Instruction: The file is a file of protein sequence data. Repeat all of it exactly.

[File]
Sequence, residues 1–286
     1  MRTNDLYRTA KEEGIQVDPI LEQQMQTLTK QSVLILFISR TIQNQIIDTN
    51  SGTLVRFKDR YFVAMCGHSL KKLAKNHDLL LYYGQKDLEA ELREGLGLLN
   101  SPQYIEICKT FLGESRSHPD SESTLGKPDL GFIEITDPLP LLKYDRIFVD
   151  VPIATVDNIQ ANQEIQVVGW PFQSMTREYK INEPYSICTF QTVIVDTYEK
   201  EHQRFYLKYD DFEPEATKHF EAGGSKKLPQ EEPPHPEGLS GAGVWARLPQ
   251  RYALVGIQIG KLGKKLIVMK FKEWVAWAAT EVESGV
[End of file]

Sequence, residues 1–286
     1  MRTNDLYRTA KEEGIQVDPI LEQQMQTLTK QSVLILFISR TIQNQIIDTN
    51  SGTLVRFKDR YFVAMCGHSL KKLAKNHDLL LYYGQKDLEA ELREGLGLLN
   101  SPQYIEICKT FLGESRSHPD SESTLGKPDL GFIEITDPLP LLKYDRIFVD
   151  VPIATVDNIQ ANQEIQVVGW PFQSMTREYK INEPYSICTF QTVIVDTYEK
   201  EHQRFYLKYD DFEPEATKHF EAGGSKKLPQ EEPPHPEGLS GAGVWARLPQ
   251  RYALVGIQIG KLGKKLIVMK FKEWVAWAAT EVESGV